by Susan Haid
There is a dilemma in parenting right now regarding the concept of “core values.” How does a parent build core values in a child? Let’s begin by talking about the innate and natural abilites that exist within a child by making the assumption that there is, in most people, the ability to self-regulate. We must understand this self-regulation mechanism and understand its value in parenting.
To begin with, let me present a metaphor. When a person stands up, there is something called “equilibrium” that takes place. Balance is something that is acquired as one learns to stand up and walk as babies do; babies learn with practice how to build the skills needed to learn to walk about without trouble. Of course, assistance is necessary in the toddler years, but proficiency grows with each new step. After trial and error, and some will-power to grow, the changes occur within ourselves to become efficient walkers. There is nothing about the mechanisms of this but trial and error. It is the same with learning to grow spiritually and building core values within oneself. There is not a lot about it that requires great strength. It has a way of beginning and growing from within itself all on its own, yet most profoundly through experience.
Children are not seekers of great truth; it overwhelms them. A sadness occurs within each child, a sadness that remains when values are imposed which force upon them a highly restrictive right-wrong system of living…a system which may shut down and confuse their innate ability to make conscious, conscientious choices. Instead, maybe we should let children teach themselves in as many situations that reasonably allow for it. Within the perimeter of a safe setting, we can let our kids figure out which side of the fence they’re on. They can choose which is the “right” side or the “left” side. We should understand that each way brings with it its own choices and discoveries. Neither choice is the “right” way or the “wrong” way. Each choice is valid.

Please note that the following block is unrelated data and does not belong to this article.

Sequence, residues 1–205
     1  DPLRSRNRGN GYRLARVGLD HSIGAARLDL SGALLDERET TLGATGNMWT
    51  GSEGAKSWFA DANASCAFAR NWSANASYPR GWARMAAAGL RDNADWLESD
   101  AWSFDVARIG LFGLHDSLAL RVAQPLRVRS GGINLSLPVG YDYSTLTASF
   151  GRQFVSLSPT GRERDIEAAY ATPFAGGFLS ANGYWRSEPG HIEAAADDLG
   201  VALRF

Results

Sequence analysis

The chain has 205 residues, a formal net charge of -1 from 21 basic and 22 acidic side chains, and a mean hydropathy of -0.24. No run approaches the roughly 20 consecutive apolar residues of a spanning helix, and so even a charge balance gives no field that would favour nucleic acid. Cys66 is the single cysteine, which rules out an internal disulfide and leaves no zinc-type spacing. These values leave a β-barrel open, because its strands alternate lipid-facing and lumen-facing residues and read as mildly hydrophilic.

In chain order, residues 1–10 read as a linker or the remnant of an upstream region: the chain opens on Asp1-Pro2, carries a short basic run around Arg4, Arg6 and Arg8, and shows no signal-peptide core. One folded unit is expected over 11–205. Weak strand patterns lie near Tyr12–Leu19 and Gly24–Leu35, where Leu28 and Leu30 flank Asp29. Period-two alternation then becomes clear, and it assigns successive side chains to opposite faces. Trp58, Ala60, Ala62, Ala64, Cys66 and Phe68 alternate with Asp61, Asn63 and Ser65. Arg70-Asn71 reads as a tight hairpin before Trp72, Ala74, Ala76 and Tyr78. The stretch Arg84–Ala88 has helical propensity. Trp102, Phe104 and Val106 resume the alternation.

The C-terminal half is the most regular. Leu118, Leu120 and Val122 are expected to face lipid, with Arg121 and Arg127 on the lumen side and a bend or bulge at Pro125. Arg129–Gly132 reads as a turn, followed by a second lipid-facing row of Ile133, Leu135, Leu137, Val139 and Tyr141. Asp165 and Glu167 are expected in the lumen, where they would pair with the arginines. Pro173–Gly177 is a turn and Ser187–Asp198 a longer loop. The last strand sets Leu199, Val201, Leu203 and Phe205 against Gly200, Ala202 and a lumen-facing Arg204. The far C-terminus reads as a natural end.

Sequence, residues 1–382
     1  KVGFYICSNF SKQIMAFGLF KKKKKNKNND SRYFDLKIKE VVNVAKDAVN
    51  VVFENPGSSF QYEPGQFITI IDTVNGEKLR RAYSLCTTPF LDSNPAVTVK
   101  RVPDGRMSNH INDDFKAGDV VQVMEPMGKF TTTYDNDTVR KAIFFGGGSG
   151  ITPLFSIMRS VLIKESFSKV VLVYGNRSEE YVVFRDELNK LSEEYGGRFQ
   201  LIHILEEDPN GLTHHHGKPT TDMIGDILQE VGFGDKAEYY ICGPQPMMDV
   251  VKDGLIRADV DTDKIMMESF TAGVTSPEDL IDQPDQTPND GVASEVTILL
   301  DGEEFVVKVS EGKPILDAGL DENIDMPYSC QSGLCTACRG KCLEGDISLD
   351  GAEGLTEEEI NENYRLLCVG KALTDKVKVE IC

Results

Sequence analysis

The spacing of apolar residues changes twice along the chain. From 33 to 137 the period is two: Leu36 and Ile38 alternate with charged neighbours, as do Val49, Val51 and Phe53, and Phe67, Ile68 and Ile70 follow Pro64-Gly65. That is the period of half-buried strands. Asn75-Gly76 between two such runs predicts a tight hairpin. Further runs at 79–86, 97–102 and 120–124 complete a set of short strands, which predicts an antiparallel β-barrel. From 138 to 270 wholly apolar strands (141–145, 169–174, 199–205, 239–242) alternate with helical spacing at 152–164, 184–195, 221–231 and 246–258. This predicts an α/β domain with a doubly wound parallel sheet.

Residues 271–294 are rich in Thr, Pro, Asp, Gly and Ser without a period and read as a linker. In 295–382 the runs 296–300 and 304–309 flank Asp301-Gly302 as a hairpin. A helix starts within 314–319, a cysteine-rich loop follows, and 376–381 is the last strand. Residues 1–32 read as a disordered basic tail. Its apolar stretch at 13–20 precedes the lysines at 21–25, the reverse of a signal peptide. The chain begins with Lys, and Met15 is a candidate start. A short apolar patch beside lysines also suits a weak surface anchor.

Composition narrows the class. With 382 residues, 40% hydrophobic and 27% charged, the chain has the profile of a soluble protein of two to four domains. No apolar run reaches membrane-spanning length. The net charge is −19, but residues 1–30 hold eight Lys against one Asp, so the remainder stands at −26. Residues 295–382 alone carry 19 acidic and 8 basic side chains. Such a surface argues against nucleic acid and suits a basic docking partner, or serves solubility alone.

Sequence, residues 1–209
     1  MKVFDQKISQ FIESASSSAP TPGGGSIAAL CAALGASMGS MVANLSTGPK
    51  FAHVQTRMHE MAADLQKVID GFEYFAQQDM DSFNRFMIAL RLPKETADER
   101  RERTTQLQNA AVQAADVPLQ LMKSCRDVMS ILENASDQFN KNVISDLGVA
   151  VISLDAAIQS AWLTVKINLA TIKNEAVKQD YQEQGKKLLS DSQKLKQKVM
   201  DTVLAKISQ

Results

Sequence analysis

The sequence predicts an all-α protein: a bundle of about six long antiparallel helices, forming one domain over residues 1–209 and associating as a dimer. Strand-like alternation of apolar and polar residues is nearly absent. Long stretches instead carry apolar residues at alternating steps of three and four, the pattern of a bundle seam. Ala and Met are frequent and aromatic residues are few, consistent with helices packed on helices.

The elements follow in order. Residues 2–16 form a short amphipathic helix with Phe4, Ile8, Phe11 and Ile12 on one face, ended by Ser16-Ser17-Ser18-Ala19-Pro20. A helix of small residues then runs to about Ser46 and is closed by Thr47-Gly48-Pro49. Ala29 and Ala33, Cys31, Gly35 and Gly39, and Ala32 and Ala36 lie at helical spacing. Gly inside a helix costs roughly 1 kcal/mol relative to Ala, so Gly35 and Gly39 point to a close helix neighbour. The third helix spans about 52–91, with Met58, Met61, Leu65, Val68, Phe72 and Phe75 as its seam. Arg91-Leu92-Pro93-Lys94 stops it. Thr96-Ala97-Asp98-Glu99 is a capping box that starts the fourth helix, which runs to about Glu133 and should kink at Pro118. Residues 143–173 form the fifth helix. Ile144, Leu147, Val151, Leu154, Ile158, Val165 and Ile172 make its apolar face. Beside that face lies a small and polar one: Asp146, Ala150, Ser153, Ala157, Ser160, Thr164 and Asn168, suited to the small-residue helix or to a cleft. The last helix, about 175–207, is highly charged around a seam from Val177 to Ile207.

This type of learning is experiential. It has its merits. The question, “Which way is the right way?” should be replaced with, “Which way will I choose?” and “How will I decide?” This method supports the development of corrective mechanisms as well as creative opportunities for growth. The struggle may be there, yes, it will be. At least in the face of a struggle, there is an opportunity for growth and change. In the midst of struggle, a desire comes forth that commands our attention. We must be seen, heard and understood for who we are. This resonates clearly as we ring forth our truth like a great brass bell.
This method requires a parent to step outside of older models of parenting into new territory. But it seems to me that the knowledge and the skills a child builds through this exercise comes from within their own domain of experience. This is a very powerful form of learning that far outweighs the benefits of mere rhetoric.
Consider this parenting method in this light; have you ever questioned yourself? As you struggle to find your answer, finally, you let go, knowing you did what you thought was best. You let go. You then must ask yourself, are you “left” or “right”? Whatever the answer, it tells a story. It is a story of answers. The answers speak to you, and you self-regulate. Just like a baby learning to walk.
Sure, there might be a few bumps and bruises along the way. But the main thing is, you learned to walk. You now stand tall and proud.
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